I finished the 5 days with 24 pots lovely little pots, which is more than I would have created without this 65hours challenge. Now for firing and glazing!
My intention for my project at Beulahland this summer was to have Noel teach me a new art media--welding. I needed to challenge my preconceived ideas about it, and to ameliorate the fear or intimidation I've had about the whole notion of operating a torch. I wanted to create something with my hands; something substantive; something I could immerse myself in for a whole week. I intended to create a metal sculpture that incorporated the number 65, but having found materials in the scrap yard that didn't accommodate my original design, I learned the art of rearranging and redesigning. I'm grateful for the opportunity to study under Noel's mastery and gift for helping me understand the nuances of metal-work.
My experience at 65 Hours was very experimental and about letting go. I was inspired when Jen Fais selected my color-aid paper Tuesday night and talked about "fearing not." This is something that has held me back most of my life and kept me from doing as much as I should/would like to do.
I had Tuesday, Friday night, and Saturday to devote to my project of making paper with herbs. I harvested mullein and burdock, cut them down, and cooked them over an open fire for a good while.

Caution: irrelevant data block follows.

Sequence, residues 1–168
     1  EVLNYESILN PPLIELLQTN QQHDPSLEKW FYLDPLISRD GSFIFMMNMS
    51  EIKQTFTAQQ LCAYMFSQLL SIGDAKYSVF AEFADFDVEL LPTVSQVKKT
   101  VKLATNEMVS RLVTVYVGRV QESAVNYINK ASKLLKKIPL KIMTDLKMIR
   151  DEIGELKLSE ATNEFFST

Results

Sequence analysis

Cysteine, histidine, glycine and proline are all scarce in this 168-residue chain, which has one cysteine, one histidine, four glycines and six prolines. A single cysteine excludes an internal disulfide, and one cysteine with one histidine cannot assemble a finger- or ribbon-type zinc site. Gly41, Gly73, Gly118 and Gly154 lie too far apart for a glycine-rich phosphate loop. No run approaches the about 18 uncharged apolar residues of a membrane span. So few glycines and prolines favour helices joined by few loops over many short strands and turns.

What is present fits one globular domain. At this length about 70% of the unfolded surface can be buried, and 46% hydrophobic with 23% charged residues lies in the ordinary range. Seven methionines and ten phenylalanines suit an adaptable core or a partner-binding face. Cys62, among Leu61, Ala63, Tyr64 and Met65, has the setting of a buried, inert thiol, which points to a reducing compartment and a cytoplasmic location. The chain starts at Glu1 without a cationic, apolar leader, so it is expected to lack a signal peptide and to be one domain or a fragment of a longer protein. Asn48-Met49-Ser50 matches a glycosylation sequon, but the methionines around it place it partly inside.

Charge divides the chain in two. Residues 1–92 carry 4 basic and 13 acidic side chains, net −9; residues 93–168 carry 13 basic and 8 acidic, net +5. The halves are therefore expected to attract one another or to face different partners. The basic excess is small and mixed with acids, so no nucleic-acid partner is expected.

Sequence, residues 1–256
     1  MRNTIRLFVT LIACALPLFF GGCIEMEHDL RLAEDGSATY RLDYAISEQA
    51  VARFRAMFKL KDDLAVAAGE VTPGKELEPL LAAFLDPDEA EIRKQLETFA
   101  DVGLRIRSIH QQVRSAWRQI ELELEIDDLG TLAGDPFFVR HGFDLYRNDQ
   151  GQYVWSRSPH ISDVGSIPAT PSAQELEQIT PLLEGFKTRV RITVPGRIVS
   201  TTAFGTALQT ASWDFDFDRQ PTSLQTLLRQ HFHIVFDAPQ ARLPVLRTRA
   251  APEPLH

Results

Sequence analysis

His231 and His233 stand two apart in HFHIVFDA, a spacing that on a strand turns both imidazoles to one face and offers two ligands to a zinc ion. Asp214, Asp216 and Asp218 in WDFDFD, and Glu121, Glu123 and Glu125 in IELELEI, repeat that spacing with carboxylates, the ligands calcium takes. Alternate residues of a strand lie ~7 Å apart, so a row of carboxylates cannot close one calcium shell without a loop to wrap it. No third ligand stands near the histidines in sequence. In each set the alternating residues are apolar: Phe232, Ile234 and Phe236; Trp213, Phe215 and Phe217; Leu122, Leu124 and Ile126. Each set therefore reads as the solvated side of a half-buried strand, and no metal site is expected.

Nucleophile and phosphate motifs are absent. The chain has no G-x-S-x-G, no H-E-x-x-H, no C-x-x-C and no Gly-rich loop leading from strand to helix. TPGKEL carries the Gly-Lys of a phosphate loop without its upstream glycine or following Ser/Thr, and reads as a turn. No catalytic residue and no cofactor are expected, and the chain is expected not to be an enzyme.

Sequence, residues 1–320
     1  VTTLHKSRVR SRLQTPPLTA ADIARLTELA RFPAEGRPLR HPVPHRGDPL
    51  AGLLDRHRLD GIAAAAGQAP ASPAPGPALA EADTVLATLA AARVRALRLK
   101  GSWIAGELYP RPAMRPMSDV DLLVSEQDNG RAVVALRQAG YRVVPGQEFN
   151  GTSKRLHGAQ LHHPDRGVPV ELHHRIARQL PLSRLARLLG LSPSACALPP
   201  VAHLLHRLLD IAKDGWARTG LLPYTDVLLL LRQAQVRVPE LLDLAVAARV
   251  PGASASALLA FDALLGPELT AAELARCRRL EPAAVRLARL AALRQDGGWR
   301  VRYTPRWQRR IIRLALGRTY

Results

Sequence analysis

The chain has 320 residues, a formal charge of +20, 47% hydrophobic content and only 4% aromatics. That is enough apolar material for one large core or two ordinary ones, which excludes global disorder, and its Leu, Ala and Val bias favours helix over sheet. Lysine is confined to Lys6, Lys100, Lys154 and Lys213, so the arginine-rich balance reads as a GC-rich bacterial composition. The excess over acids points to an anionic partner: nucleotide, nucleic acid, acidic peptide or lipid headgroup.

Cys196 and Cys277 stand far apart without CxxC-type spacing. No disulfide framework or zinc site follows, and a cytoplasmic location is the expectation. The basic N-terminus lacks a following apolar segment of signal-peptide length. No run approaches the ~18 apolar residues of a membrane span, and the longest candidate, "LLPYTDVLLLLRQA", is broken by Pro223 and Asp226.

I put mullein leaf and its liquid in a blender and blended it down to a pulp. I used a screen to collect the pulp and shape it into paper, the mullein paper looked more like the lint you would collect from a dryer and it wasn't very strong, but still a beautiful color and texture.
When I came back Friday night with a rocket stove, I cooked the burdock stalks for a few more hours on Saturday. It never really cooked down well enough. I was able to make 3 pieces of paper with burdock and then I blew out my blender because the stalks were still too hard. The paper is strong and has beautiful textures but I don't think I would use it as part of my dream journal paper.
It was a great experience and I appreciated having the time, space and resources to play!
My personal project for 65 hours was learning how to use a woodworking lathe I had constructed using an old washing machine motor, some iron pipe and miscellaneous lumber.
The experience of learning to turn wood on a newly built homemade lathe was interesting to say the least. It was a continual process of evaluating how the machine was behaving, what I was doing, and determining if a given result was due to the setup, my technique and tools, characteristics of the wood itself, or all the above. It was certainly a challenging procedure, but also a quite enjoyable and rewarding one. Some of the key lessons learned are that stability and rigidity matter a great deal and that sharp tools lead to smoothness and speed.
I knew going in that turning 65 pieces over 5 days was probably not attainable. The final tally of successful pieces was closer to 6 + 5, including various tool handles, a chisel mallet, a light bulb sculpture, and several purely artistic experiments in spindle shapes, however it's quite likely I made 65,000 wood shavings in the process.